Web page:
IRS LB&I Announces Captive Services Providers Campaign

On April 16, 2019, the Internal Revenue Service (“IRS”) Large Business and International (“LB&I”) division released an overview of three new compliance campaigns, including a captive services providers campaign.

A captive services provider is a wholly-owned subsidiary that exists for the sole purpose of providing services for members of the same multinational group (i.e., all service revenue is intercompany). The campaign will target foreign captive services providers for a U.S.-based service recipient and will examine situations in which “…excessive pricing for these services would inappropriately shift taxable income to these foreign entities and erode the U.S. tax base.”1

Examples of services often performed by foreign captive subsidiaries include:

  • Contract engineering or research and development services;
  • Finance, accounting and/or tax services;
  • Administrative support services;
  • Information technology (IT), IT help desk and related IT services;
  • Call center or customer support services; and
  • Sales support and marketing services.

With the captive services provider campaign, the IRS seeks to prevent U.S. tax base erosion by conducting “issue-based examinations” and sending “soft letters”. A “soft letter” is formally referred to as Form 5935, which warns taxpayers of potential non-compliance and provides 60 days to respond.

Taxpayers should ensure sufficient documentation and support is available to support the service fees paid to foreign captive subsidiaries. In many cases, taxpayers will apply the comparable profits method (“CPM”) or transactional net margin method (“TNMM”) to confirm consistency with the arm’s-length standard. The CPM/TNMM involves the selection of uncontrolled companies with similar functions performed, risks assumed, and assets used to the foreign service provider. Depending on the facts and circumstances, there may be situations where reliable comparables for the intercompany service being analyzed may be difficult to identity in sufficient numbers to deliver a robust measure of arm’s length compensation for the services in question. These situations could potentially create opportunities for aggressive approaches under the new campaign.

While the IRS will naturally be approaching these transactions with a concern that mark-ups may be too high, the campaign comes at a time when many foreign jurisdictions are pushing for higher returns for intercompany services performed in their jurisdictions. Much of this push has focused on issues of nexus for foreign-booked sales with local sales support activities, compensation for local market factors and marketing intangibles, and questions around who controls development activities and resulting allocations of risks and intangibles under the revised OECD Transfer Pricing Guidance. Foreign tax authorities have been using these arguments to justify higher local returns. Authorities will often start with skepticism of the comparable search used, including scrutiny of the search process, support for acceptance or rejection criteria and application of reliability adjustments to weaken the taxpayer’s position. In many cases, the adjustments are not large enough to warrant a claim for double tax relief through a tax treaty-based mutual agreement process or an advanced price ruling.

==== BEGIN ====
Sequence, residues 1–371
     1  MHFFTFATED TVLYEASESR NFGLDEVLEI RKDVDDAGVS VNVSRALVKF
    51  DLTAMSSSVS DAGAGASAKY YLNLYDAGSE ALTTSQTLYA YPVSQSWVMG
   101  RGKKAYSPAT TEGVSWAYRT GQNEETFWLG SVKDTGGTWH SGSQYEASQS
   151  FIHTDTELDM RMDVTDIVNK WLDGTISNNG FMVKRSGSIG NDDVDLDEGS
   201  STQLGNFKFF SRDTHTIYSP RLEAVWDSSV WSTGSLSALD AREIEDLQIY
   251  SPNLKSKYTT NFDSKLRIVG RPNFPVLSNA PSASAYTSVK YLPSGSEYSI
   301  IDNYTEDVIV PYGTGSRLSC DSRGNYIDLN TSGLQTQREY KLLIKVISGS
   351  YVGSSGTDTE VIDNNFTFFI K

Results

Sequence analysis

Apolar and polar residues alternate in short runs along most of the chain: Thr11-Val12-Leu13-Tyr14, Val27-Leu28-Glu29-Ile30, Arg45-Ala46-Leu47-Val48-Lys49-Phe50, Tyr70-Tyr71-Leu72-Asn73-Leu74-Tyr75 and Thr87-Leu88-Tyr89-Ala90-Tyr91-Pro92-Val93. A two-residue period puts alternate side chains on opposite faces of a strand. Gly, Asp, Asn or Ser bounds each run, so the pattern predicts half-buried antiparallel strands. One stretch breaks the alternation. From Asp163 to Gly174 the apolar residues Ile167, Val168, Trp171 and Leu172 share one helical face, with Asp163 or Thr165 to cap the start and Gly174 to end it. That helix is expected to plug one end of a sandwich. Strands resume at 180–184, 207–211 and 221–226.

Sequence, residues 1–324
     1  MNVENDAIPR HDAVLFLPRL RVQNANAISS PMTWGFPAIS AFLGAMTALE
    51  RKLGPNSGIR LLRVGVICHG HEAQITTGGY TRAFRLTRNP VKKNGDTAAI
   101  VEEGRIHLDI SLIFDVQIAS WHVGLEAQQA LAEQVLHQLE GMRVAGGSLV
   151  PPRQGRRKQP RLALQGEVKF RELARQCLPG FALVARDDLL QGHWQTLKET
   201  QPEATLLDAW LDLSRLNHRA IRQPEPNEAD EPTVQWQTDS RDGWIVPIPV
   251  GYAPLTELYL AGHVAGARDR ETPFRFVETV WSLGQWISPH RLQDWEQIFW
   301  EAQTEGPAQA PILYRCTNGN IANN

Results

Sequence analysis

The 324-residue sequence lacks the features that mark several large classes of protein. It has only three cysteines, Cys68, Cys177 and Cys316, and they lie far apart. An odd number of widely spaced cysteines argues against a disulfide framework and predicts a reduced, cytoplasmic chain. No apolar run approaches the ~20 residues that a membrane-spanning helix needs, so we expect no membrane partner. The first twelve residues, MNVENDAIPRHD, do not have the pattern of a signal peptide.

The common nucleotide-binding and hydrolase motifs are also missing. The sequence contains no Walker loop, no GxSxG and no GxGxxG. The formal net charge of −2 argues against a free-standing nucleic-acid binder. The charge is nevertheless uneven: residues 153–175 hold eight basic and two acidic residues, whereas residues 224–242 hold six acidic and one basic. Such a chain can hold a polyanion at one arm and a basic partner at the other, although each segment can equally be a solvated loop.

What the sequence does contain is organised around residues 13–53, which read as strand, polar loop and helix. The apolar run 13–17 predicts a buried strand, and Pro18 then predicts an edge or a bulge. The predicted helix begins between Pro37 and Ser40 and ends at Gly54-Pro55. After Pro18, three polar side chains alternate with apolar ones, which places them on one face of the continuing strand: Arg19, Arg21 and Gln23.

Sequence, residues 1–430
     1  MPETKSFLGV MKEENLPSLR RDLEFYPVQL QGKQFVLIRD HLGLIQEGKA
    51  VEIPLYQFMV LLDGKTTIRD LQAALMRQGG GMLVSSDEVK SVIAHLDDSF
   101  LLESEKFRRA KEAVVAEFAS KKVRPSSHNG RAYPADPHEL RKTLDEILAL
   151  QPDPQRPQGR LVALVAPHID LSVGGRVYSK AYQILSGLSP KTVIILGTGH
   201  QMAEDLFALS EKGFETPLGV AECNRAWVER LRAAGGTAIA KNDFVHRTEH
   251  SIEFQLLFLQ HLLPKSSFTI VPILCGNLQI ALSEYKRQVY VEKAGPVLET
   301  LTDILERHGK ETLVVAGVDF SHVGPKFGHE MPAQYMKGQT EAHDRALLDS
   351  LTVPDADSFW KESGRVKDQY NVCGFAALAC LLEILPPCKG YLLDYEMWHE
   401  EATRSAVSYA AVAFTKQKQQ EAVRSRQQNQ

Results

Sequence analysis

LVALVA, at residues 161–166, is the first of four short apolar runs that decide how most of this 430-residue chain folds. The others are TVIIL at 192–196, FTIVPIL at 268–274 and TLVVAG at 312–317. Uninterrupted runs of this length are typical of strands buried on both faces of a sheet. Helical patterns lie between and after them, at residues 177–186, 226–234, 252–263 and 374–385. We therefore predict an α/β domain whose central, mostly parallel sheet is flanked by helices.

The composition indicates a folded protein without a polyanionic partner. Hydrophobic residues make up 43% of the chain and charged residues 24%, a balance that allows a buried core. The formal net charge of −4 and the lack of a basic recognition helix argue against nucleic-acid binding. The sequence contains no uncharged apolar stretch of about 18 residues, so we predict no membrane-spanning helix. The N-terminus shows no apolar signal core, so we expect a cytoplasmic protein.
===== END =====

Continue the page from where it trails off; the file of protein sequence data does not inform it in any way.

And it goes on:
As such, it is recommended that U.S. taxpayers with material outbound service payments to foreign captive services providers review their transfer pricing policies and related support, especially where there have been increases in reaction to foreign audit activity, to ensure pricing aligns with the facts and circumstances of the intercompany transaction. Depending on the materiality of the transactions, U.S. transfer pricing documentation prepared contemporaneously with the submission of the U.S. tax return and that comprises the ten principal documents under Section 1.6662-6(d)(2)(iii)(B) would be recommended to provide protection from penalties on additional tax owed.2

Finally, it should be noted that under the 2017 Tax Cuts and Jobs Act, the imposition of Global Intangible Low Tax Income (GILTI) now imposes a minimum U.S. tax on the U.S. parent of foreign affiliates above a certain return on assets. In addition, TCJA also imposes a Base Erosion Anti-avoidance Tax (BEAT) on intercompany payments from a U.S. group above a certain threshold for large U.S. companies. These too will be considerations in performing such a review of foreign affiliate remuneration practices and related risks.

The captive services providers campaign is within the Treaty and Transfer Pricing Operations practice area within LB&I and is intended to assist the LB&I to identify key issues and make the best use of its resources.

Read Transfer Pricing Times – May 2019

Source:
1 Ibid.
2 https://www.irs.gov/pub/irs-apa/treas_reg_1.6662-6.pdf, page 1054

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